Picture of boy being examining by doctor at a tuberculosis sanatorium

Understanding our future through Open Access research about our past...

Strathprints makes available scholarly Open Access content by researchers in the Centre for the Social History of Health & Healthcare (CSHHH), based within the School of Humanities, and considered Scotland's leading centre for the history of health and medicine.

Research at CSHHH explores the modern world since 1800 in locations as diverse as the UK, Asia, Africa, North America, and Europe. Areas of specialism include contraception and sexuality; family health and medical services; occupational health and medicine; disability; the history of psychiatry; conflict and warfare; and, drugs, pharmaceuticals and intoxicants.

Explore the Open Access research of the Centre for the Social History of Health and Healthcare. Or explore all of Strathclyde's Open Access research...

Image: Heart of England NHS Foundation Trust. Wellcome Collection - CC-BY.

The influence of multiple working shifts for offshore wind farm O&M activities : StrathOW-OM Tool

Dalgic, Y and Lazakis, I and Dinwoodie, I and McMillan, D and Revie, M and Majumder, J (2015) The influence of multiple working shifts for offshore wind farm O&M activities : StrathOW-OM Tool. In: Design and Operation of Offshore Wind Farm Support Vessels 2014. Royal Institution of Naval Architects.

Full text not available in this repository. Request a copy from the Strathclyde author

Abstract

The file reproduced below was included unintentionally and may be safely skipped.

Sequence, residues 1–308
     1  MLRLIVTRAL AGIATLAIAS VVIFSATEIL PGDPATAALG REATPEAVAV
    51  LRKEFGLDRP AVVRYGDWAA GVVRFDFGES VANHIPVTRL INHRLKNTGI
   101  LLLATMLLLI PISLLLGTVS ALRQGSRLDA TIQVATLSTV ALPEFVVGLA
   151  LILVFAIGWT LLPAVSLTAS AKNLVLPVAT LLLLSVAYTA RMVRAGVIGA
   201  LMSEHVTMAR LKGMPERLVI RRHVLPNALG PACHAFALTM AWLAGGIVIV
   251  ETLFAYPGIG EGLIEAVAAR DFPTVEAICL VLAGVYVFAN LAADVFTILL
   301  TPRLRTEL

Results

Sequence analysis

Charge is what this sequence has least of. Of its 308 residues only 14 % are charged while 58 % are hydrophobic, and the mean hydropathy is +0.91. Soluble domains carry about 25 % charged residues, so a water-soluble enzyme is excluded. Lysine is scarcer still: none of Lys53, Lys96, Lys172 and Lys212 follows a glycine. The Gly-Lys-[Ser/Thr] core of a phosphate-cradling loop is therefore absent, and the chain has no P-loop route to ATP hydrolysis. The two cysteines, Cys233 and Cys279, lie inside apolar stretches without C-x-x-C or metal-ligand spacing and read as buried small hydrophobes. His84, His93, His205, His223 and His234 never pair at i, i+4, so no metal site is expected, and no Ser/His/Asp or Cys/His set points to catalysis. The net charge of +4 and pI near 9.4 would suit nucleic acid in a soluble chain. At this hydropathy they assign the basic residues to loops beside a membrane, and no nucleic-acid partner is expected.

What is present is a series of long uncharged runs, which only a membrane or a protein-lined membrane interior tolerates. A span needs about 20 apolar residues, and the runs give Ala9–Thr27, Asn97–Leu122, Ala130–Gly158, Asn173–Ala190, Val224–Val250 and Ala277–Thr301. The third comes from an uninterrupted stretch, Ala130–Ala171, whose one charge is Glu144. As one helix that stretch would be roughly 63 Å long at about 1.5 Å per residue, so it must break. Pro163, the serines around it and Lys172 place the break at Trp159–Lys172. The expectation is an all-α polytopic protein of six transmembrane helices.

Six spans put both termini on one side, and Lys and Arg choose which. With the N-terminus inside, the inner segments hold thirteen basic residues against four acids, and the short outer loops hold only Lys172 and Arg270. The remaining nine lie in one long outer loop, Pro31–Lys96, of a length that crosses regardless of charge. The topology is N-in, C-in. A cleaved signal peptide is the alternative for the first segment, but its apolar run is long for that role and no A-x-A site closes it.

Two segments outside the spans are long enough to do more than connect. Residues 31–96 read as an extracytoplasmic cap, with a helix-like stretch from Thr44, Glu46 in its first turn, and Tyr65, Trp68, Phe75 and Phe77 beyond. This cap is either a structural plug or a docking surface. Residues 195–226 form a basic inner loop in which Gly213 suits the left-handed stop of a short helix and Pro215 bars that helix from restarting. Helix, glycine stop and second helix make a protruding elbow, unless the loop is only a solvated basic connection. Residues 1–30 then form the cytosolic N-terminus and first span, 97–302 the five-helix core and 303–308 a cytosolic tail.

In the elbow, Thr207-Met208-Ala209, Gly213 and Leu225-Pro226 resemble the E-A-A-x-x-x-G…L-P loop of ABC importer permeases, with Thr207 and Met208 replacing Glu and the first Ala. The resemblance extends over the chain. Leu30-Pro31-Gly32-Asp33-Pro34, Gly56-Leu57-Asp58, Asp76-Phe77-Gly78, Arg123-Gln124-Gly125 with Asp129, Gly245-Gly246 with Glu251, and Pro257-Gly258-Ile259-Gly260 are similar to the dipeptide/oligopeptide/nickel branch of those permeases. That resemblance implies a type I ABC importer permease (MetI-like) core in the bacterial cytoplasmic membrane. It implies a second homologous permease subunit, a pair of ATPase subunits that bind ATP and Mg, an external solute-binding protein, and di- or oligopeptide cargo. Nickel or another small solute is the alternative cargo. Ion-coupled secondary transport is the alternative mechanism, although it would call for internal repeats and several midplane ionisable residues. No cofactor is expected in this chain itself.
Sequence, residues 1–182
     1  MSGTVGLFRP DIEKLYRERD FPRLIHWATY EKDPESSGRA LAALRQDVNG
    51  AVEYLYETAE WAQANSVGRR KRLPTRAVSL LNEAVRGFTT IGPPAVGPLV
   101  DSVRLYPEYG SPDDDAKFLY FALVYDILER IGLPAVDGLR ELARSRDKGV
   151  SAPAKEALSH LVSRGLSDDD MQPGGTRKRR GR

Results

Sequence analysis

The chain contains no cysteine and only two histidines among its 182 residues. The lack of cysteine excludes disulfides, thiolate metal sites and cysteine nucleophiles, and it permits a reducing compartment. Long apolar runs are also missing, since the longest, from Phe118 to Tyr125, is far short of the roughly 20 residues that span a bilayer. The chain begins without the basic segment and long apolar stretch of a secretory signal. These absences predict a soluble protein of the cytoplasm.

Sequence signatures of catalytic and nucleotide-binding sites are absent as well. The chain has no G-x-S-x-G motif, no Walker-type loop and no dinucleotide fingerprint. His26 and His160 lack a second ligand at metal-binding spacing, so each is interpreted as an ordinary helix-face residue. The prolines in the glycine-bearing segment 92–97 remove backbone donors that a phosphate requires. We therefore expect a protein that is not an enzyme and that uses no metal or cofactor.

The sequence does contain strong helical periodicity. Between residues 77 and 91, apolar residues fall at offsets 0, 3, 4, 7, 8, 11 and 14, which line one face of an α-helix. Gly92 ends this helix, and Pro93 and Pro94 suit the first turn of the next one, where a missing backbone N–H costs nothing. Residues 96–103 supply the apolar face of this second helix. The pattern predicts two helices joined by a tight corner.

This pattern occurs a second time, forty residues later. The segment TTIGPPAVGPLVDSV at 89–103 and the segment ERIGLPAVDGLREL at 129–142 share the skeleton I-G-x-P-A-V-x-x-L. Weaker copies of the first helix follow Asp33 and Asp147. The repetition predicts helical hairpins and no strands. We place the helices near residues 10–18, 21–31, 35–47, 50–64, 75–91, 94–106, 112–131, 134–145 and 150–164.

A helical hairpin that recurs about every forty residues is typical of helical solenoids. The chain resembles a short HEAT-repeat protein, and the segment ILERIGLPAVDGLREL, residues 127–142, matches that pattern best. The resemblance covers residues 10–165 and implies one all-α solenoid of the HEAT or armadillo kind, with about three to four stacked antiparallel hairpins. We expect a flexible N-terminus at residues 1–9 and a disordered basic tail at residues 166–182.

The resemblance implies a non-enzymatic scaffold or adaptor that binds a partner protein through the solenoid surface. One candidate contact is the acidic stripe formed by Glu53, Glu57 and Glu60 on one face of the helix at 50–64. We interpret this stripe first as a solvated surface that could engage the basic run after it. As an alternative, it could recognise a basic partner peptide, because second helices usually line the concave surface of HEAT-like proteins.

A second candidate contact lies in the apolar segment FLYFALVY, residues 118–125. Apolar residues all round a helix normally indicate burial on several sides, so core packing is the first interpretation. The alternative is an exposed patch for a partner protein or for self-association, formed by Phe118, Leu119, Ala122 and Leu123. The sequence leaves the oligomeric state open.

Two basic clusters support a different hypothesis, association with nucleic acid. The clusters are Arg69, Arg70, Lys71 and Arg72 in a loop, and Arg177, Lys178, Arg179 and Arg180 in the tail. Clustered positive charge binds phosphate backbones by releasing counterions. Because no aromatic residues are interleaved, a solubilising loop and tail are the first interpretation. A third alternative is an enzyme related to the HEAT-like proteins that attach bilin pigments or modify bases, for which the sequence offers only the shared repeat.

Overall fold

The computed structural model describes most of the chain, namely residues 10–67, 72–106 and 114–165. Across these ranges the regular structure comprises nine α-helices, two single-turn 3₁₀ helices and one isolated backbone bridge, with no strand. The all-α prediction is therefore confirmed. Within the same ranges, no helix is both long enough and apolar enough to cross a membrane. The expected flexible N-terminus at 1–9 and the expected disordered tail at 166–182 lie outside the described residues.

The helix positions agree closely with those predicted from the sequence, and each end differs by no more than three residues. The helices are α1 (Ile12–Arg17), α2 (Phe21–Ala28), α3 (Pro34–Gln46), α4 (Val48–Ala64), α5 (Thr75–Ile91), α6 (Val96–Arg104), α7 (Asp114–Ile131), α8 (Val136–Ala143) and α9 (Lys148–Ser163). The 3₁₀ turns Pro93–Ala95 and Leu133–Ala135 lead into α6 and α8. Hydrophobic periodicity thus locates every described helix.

Offshore wind projects are moving towards deeper waters and more distinct locations in order to capture stronger winds and eventually increase power productivity. However, challenging climate conditions limit the operability and accessibility of the maintenance vessels significantly; therefore, the turbine downtimes due to vessel inaccessibility become dominant. Moreover, offshore wind farm operators in the UK only perform maintenance activities if there is enough daylight at the offshore wind farm in order to prevent potential accidents. These major difficulties influence the power production undesirably and increase the financial risks of the operating offshore wind farms. In this context, the focus of this research is the investigation of operational and financial benefits that multiple working shifts can bring to the operating offshore farms and the influence of the offshore wind farm location on the operational decisions. The operational simulations are performed by the offshore wind operational expenditure and logistics optimisation tool StrathOW-OM, which is developed by the University of Strathclyde and commercial partner organisations within Technology Innovation Centre (TIC) project. StrathOW-OM examines climate parameters (wind speed, wave height, and wave period) in the offshore wind farm location, size and operational characteristics of the maintenance fleet, failure rates of the turbine components. The operational simulations are performed through multiple scenarios in order to identify the most cost efficient solution. The developed methodology enables offshore wind farm operators to define the O&M fleet composition and highlights how the maintenance fleet is optimally scheduled on a daily basis.